Online broadcasting explained: why it's a great idea, and how you can do it

May 19, 2020

Video streaming is the hot topic of the moment and has become an integral part of day-to-day life. Unsurprisingly, it's a phenomenon that's set to expand even more in the immediate future. With the current physical distancing measures in place, many organizations are taking advantage of the technology they already have available to reach audiences at home, while others are wondering if it’s something they, too, should invest in.

We’ve been integrating streaming into our designs for a few years now, so we thought we’d share some info on why it makes sense to broadcast online and what you need to be able to do it.

The nice thing about video streaming is that everyone can do it. And for free too! But first, let’s look into the reasons why you’d want to do it.

Firstly, it promotes diversity, inclusivity, and accessibility. How? Well, it’s all about who your audience is. When you’re performing live in a venue, the people who get to enjoy it are the people who are physically able to be in the venue, at a specific time and on a particular date. But what if members of your community have health or sensory issues that prevent them from sitting comfortably in an auditorium? What if a regular patron has young children and can’t always get a babysitter—or they’ve relocated to a different city and can no longer attend performances, even though they’d still love to support your work? What if some of your community regularly travel for work—or they live in a rural area—and physically travelling to be with you for a performance is impossible? There are all kinds of reasons why someone can’t attend performances in person, and offering online streaming is an easy and efficient way to keep those members of your community entertained and engaged.

Interestingly, a recent study by the IAB (Interactive Advertising Bureau) found that 70% of people watch at least 1 online video or event per day, and, according to livestream.com, a large majority of those people are more likely to buy tickets in the future if they enjoyed the online event. So, another benefit of online streaming is that it doesn’t just maintain your existing audience relationships, but it also helps to build new audiences too. It means that someone thousands of miles away, who wouldn’t normally have access to your work, can discover it and regularly enjoy it from the comfort of their own home. And online exposure can open up your art form to people from all walks of life that may not have had access to it within their own community.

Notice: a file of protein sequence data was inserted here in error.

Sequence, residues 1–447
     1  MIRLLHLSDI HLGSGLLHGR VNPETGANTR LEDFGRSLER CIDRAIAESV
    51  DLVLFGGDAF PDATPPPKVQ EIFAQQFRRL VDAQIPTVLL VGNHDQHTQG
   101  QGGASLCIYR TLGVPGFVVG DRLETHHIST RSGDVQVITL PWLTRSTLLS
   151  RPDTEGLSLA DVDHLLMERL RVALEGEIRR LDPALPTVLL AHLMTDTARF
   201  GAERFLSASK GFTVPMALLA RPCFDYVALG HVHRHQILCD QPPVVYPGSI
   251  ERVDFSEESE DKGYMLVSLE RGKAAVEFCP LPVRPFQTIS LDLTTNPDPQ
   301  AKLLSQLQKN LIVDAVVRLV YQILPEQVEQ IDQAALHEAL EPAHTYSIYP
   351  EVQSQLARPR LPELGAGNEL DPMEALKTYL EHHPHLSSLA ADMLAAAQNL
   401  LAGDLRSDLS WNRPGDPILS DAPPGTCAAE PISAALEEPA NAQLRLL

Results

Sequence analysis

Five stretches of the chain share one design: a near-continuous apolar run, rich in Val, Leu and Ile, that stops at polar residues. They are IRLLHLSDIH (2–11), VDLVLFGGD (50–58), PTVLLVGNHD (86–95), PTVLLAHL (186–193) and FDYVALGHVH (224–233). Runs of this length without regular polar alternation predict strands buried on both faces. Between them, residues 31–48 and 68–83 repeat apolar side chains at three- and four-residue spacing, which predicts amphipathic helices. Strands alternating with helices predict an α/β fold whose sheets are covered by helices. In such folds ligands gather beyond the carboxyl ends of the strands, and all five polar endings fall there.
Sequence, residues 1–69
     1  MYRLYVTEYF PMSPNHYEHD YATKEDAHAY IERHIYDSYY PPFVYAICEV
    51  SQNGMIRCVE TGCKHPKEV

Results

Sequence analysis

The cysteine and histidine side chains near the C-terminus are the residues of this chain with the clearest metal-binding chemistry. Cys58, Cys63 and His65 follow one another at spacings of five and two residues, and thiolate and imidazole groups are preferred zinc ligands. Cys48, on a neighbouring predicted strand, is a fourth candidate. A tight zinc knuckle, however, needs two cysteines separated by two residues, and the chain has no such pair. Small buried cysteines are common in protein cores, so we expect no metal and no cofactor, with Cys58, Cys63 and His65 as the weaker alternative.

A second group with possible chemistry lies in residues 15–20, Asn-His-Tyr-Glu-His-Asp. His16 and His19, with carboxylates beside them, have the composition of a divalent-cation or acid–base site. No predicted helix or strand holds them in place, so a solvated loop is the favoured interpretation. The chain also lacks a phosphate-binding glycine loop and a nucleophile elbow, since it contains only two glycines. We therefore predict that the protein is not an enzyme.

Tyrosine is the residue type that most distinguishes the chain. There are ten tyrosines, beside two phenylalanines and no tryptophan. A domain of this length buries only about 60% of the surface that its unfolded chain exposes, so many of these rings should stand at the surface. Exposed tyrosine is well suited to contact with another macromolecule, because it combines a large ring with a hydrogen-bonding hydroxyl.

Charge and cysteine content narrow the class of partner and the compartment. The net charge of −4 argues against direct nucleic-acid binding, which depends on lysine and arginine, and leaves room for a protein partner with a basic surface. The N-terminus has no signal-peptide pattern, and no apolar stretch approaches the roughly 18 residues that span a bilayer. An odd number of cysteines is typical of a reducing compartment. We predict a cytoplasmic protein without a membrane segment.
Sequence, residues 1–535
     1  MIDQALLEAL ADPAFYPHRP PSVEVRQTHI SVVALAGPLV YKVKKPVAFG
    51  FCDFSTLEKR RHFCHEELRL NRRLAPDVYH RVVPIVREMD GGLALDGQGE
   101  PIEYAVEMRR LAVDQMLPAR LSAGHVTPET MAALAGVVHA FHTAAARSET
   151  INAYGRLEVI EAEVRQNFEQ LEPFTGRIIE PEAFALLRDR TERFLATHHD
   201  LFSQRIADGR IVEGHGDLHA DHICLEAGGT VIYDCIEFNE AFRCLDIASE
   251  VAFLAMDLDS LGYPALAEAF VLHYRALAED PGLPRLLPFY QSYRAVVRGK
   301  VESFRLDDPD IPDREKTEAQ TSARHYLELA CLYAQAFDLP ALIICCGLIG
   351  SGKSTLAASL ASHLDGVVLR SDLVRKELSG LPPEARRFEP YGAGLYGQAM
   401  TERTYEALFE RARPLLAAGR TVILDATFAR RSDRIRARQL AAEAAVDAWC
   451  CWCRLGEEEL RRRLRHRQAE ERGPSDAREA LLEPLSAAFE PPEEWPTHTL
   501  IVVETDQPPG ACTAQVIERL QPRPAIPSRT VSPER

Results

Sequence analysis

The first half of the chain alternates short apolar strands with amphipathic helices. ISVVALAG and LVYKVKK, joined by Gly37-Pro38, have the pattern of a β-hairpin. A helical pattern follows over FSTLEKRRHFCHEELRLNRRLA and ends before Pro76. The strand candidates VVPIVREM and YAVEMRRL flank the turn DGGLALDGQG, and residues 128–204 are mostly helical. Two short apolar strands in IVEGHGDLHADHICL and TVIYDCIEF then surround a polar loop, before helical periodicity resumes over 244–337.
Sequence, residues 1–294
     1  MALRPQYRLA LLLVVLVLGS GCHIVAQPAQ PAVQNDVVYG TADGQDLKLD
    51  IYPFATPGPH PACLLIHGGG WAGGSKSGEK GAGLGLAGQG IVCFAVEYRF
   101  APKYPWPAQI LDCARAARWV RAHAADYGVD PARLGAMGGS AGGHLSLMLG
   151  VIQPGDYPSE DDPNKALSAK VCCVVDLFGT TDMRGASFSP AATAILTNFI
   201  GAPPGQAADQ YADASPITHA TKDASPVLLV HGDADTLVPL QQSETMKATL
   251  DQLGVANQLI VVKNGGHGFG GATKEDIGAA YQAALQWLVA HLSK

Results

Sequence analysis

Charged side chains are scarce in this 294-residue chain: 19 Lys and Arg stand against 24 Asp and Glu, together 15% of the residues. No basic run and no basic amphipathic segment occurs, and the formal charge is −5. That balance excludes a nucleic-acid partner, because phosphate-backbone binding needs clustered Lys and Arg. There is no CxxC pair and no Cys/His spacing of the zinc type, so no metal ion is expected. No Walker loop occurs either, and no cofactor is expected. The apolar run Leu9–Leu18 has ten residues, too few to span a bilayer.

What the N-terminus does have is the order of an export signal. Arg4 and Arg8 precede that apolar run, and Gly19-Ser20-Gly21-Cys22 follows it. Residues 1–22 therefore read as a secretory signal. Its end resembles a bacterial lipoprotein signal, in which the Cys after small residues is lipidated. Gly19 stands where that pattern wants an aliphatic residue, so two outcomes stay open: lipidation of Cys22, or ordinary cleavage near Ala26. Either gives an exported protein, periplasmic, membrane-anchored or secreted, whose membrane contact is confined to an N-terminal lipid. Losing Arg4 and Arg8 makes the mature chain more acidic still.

And, just because you’re showing your work online, it doesn’t mean that it can’t be monetized—you can consider both advertising and paywalls as options. But you might be wondering “What are the other costs to us, as an organization, if we decide to invest in online streaming for the first time? Will we need to hire someone to do it? Do we need to buy expensive equipment to make it happen?” The answer to both of these questions is “No. Not necessarily.”

It all depends on what you want to achieve. The video below explains your options in more detail. But, in a nutshell, you can potentially reach a huge online audience using just your smartphone and the tools that many popular social media platforms (like Facebook, Instagram, and YouTube) already offer for free. You can also find new ways to use other technology you may already own—your venue’s existing sound console, for example. Or you might decide to invest in a couple of new items, such as a camera or two. The costs involved really are scale-able to meet your budget and your goals.

We know the idea of adding online broadcast capabilities to showcase your work can be daunting. But it doesn’t need to be. We’ve put together this video to help you:

  • make sure the technology (hardware, software, and the streaming platform) you invest in is future-proofed, expandable, and easy to use.
  • understand technical terms like “compression codecs” and “encoders”. We break those terms down to make them more understandable, using everyday examples and words you’re more familiar with.
  • use popular social media sites to publish your videos for free.
  • understand when it’s appropriate to use a simple plug-and-play system (when a camera and microphone is plugged into your computer) and when you’ll really need to upgrade to a more sophisticated system for a much better result.
  • produce a high quality recording of a live performance using technology you most likely already have available to you (sound console and lighting equipment) and how to improve the viewing experience by adding a few extra cameras—allowing viewers to see the performance from multiple angles, but also letting them see how the rest of the audience is reacting to the event.

We know it can be overwhelming, especially if this is all new to you. So, if you still have questions or don’t know what solution might be best for you, feel free to call or email us. Our experts will ask you about your goals and work with you to find a solution that fits your needs—and your budget.



The sample banner ad in this video includes a photograph of Chase Center. The image was taken by Brett Murray for Metallica.

Online broadcasting explained: why it's a great idea, and how you can do it